Then they took us to the police station in _amac, and they continued to beat us there... The worst thing was to fall down - they would beat you with their feet and sticks... Ružmir Hodži? died after a few days... His liver was damaged in this beating, he couldn't stand upright... They were beating us until dawn; they turned the lights off, locked us in, and left. The floor and the walls were covered with blood... I couldn't eat, I had five broken ribs and I got pneumonia. Later, ?etniks who came back from the front lines came into our cell, asking who was Croat and who was Muslim - one day beating Croats and the other, Muslims. We were often beaten by a man named Stevo; they called him Steve.

P.O. also confirmed Stevo's and "Lugar's" roles in the abuse and mistreatment of prisoners in Bosanski Samac. According to P.O.:

Stevo Todorovi? beat me at the police station and at the school. Slavko from Obodovac, Makso from somewhere near Obodovac, Goran from Ora_je, and "Lugar," the member of the special forces, knocked out my teeth... They beat me so badly, my head swelled up.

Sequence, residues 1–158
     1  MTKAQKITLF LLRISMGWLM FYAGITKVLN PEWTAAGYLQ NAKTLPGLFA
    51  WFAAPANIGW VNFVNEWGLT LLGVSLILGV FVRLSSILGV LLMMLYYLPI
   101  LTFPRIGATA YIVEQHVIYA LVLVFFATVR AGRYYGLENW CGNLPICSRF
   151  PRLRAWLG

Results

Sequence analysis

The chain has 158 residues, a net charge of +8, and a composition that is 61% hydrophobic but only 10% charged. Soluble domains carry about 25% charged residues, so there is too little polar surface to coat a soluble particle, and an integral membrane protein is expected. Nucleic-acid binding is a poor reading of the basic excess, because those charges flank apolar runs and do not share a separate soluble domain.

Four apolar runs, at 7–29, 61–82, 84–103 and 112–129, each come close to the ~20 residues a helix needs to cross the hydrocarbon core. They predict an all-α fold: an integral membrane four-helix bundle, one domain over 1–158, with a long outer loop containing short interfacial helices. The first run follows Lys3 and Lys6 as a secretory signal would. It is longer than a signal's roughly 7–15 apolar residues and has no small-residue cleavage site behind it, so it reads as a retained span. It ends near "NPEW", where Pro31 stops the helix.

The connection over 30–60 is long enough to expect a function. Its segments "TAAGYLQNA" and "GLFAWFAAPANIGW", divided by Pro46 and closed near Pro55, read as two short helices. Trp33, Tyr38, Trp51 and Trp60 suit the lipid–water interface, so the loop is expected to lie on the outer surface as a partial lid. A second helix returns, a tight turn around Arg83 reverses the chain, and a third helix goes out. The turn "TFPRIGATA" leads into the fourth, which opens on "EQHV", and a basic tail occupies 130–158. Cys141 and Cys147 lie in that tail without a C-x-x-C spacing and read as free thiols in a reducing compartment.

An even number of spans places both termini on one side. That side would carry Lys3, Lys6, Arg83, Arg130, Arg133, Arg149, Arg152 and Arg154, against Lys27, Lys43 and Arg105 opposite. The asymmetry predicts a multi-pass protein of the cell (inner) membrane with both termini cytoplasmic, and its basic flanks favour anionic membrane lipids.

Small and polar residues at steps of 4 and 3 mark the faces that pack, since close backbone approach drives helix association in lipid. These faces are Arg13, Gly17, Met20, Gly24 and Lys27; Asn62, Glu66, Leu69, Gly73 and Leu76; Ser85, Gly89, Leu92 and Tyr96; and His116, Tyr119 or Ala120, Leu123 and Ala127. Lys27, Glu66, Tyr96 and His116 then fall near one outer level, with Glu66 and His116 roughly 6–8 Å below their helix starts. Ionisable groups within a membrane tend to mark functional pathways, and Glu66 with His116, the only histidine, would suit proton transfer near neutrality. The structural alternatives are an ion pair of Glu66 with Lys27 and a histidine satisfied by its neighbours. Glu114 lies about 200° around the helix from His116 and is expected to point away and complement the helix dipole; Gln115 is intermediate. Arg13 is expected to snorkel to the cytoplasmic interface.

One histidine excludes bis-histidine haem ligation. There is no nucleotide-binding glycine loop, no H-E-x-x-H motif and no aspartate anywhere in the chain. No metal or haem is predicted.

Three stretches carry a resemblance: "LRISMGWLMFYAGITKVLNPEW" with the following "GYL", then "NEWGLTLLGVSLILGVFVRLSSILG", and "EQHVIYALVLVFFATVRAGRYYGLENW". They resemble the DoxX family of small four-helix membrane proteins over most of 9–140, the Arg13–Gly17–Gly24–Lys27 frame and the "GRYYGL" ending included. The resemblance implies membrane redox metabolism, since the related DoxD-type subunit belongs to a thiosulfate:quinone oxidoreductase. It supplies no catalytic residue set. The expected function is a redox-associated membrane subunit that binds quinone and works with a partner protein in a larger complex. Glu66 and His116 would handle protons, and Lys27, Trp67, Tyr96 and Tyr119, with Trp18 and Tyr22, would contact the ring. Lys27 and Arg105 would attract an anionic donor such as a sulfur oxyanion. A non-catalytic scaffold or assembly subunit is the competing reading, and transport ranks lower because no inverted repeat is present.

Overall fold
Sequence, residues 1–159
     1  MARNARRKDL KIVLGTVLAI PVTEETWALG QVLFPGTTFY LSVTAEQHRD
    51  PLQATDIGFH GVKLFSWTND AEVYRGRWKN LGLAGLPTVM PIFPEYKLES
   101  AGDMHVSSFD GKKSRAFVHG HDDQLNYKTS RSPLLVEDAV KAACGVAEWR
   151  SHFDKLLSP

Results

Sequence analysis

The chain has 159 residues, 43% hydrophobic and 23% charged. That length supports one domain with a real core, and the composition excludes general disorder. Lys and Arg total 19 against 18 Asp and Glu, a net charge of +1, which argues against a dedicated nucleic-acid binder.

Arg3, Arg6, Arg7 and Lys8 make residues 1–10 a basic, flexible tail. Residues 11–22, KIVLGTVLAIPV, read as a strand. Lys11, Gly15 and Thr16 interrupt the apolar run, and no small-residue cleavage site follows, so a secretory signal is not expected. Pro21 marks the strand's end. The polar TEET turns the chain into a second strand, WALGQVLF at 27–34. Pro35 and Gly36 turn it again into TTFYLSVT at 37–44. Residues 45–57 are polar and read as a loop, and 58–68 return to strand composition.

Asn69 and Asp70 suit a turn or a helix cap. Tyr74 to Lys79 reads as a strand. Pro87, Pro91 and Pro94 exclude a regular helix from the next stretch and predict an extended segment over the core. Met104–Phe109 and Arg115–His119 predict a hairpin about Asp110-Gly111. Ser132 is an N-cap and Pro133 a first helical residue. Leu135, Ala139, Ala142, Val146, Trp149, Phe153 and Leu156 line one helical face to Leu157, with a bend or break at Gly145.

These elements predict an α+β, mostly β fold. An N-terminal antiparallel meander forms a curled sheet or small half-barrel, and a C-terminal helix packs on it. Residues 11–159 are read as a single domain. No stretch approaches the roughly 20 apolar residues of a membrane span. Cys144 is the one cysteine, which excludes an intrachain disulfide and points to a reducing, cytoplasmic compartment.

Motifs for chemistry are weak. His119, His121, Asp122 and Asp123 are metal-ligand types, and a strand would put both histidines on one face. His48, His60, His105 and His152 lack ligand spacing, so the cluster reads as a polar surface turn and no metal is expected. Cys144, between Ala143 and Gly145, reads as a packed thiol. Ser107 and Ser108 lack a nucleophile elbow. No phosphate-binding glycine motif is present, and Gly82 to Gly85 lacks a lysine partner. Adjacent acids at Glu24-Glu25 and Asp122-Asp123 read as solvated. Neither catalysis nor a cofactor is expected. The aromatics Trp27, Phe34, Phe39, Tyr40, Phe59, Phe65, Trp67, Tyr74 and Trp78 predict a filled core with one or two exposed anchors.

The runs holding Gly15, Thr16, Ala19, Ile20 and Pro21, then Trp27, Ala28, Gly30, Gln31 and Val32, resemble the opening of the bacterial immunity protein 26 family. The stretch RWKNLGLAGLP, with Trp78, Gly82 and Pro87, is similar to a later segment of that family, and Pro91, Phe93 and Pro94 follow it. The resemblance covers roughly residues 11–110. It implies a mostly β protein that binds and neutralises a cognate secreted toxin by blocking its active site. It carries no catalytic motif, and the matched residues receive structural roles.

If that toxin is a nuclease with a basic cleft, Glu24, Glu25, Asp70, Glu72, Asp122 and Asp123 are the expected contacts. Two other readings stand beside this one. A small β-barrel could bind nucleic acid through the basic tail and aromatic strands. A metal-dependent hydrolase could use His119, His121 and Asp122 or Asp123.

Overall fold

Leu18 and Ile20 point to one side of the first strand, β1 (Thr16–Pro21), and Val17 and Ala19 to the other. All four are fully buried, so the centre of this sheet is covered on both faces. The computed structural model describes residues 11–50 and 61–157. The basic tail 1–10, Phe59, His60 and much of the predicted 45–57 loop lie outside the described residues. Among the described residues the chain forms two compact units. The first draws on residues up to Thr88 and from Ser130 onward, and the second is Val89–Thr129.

After long periods of detention, detainees were brought to the front lines, where they were exchanged for Serbian prisoners of war and civilians held by Bosnian and Croatian forces.


In the case of Bosanski Samac, Serb military, paramilitary, and police forces appear to have intentionally targeted civilians (as described above) and civilian objects for destruction or looting as part of the "ethnic cleansing" campaign. On the basis of evidence collected by Human Rights Watch/Helsinki, such acts of destruction and/or looting were aimed at terrorizing the civilian population, thereby inducing them either to flee or surrender.24 Such public displays of destruction suggest that local and regional Serbian authorities issued orders, organized or condoned efforts to loot and/or destroy non-Serbian property.

I.B. told Human Rights Watch/Helsinki:

They were shelling Slavonia, Croatia [from Bosanski _amac]. Their tanks were hiding between our houses. They came to my street with a tank, hid it behind my house and shelled Croatia. There was no electricity, so during the nights they did what they wanted. Shooting was going on all night long as well as robbery... Serbian soldiers were coming and taking whatever they wanted... We were not allowed to lock the door...

U.K. was rounded up with his family from Zasavica and taken to the community hall (i.e., "dom kulture") in Crkvina. He described how groups of prisoners were used as part of the looting campaign organized by the Serbs: